Indian American Gitanjali Rao named Faces of Democracy’s 100th face

Gitanjali Rao

Time ‘Kid of the Year’ hopes to prove anyone can be an innovator!

Time magazine’s first ever ’Kid of the Year’, Indian American scientist and inventor Gitanjali Rao has been named by Germany based Faces of Democracy initiative as its ‘100th face of democracy’.

The 15-year-old young, who won the Time honor for developing a device that can warn of lead in drinking water and an app that detects “cyberbullying” on the internet, has described democracy as a “core value for the common good of people.”

“It is how we have been brought up, so it is the core value for the common good of people,” Rao told Sven Lilienström, founder of Faces of Democracy in an interview focused on democracy, educational equality and how science can regain peoples’ trust.

Asked how she felt on learning she had won Time’s 2020 Kid of the Year title over 5,000 competitors, Rao said, “It was a surreal moment. I’m honored, humbled, and beyond excited to be named Kid of the Year!

“There’s something so exciting about being able to share your story and I’m representing kids from all walks of life, no matter their gender, their age, or where they come from,” she said. “I’m hoping that I can prove anyone can be an innovator.”

Time and Nickelodeon, Rao said, “have done an amazing job highlighting optimism, kindness, positivity, especially in these tough times, especially highlighting the work of our generation. Each of us has different talents and we try to light up the community with whatever we can.”

RELATED: Indian American Gitanjali Rao is Time’s first ‘Kid of the Year’ (December 4, 2020)

Describing basic human rights such as clean water, clean air as “our biggest problem”, Rao said, “We need to solve the problem of contamination of natural resources by treating, preventing, and detecting them.”

Asked if  science needs to become younger and increasingly ‘female’, Rao said, “I believe the ingenuity of youth needs to be harnessed and Universities and Organizations should open up their doors for us.”

“Research labs, internships, and other opportunities to explore should not be limited to adults if we want to encourage a problem-solving mindset,” she said. “Traditional education needs to start incorporating innovation at an early stage.”

“In terms of females, there are several girls in STEM organizations, but the majority of them are introduced to coding and programming,” Rao said. “I believe there needs to be a shift in how girls are introduced to STEM.”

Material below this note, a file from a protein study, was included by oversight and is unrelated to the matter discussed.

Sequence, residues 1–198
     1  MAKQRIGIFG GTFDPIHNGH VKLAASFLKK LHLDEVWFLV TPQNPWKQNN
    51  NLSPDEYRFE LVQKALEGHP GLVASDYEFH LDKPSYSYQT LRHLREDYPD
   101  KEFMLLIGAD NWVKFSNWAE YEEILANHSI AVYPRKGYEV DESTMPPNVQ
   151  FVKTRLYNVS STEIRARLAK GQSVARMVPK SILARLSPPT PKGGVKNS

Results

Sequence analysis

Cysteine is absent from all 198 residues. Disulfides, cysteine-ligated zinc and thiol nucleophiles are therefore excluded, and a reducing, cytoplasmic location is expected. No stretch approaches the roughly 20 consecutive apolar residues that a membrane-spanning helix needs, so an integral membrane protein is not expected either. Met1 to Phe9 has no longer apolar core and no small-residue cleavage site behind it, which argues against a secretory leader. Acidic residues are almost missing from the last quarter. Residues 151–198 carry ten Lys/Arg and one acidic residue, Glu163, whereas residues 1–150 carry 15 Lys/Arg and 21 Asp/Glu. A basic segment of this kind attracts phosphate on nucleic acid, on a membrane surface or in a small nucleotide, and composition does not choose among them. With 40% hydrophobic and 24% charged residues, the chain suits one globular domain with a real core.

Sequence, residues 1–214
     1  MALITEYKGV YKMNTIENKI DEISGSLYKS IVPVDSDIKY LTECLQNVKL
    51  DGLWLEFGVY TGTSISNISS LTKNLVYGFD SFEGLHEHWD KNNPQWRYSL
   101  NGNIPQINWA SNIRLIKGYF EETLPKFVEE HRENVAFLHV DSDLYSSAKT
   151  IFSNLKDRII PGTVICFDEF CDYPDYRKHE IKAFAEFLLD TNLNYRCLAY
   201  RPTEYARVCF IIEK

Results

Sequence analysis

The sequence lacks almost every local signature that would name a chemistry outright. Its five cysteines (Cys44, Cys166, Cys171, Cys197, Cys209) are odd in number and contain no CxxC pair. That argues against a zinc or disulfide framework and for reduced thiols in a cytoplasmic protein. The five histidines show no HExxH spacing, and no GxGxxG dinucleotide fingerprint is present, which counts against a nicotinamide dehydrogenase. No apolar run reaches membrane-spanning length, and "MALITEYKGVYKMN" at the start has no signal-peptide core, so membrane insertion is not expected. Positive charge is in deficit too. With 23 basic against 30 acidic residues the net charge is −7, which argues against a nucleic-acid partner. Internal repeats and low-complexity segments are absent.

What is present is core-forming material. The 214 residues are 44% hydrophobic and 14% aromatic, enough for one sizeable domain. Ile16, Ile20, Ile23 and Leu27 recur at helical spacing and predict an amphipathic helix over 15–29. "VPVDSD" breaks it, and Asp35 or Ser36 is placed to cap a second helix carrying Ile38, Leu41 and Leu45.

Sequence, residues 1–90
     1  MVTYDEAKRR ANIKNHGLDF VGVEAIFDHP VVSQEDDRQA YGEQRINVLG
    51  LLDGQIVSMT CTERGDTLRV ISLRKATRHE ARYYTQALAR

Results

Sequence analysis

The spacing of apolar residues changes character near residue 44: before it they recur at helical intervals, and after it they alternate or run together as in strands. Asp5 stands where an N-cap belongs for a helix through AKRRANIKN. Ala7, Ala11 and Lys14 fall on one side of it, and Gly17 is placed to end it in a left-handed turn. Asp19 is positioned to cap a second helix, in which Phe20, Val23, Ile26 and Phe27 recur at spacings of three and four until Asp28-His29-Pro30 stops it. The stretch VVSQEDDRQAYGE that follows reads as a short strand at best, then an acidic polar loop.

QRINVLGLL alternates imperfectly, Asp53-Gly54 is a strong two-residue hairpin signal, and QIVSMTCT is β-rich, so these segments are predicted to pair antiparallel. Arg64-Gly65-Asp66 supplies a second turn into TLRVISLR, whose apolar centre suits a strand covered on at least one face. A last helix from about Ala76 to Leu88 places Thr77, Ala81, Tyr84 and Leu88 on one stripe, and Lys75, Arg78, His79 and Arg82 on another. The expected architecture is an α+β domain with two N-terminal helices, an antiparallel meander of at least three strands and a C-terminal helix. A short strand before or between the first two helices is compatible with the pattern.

“They need to see a connection to the real world and should be introduced to the latest technologies broadly,” she said. “They can then choose their areas of interest and go deep into it.”

Asked what can her generation change to make education in the US fairer, Rao said, “I recognize there is an inequality in education. Some schools barely have internet access while others have 3D printing labs.”

“My innovation workshops are a small step in sharing with rural schools and other underprivileged schools that you can start anywhere, start with a simple idea, and reach out to mentors who may provide you more access to materials and experts.”

”You need not be limited to what the school provides. If you have a phone, there is no excuse to not reach out or say that we were not given a fair chance,” Rao said.

“I believe science is a fact, but it needs to be communicated well to bring about a social change and a feeling of trust,” she said when asked how can science regain peoples’ trust in these coronavirus times.

“The more we educate and bring awareness to people with facts, causes, and effects, the more it gains trust. For example, when I started researching for Tethys, the lead detection tool, people knew about the lead in drinking water in Flint,” Rao said.

“Just three months into my research, I found that there are several states, communities, and part of the world with the same issue, but it just didn’t gain enough attention.”

“As we try to solve problems using science, bringing awareness to these problems are equally important,” Rao said. “When Universities work on research, I believe awareness should go hand in hand for people to gain trust.”

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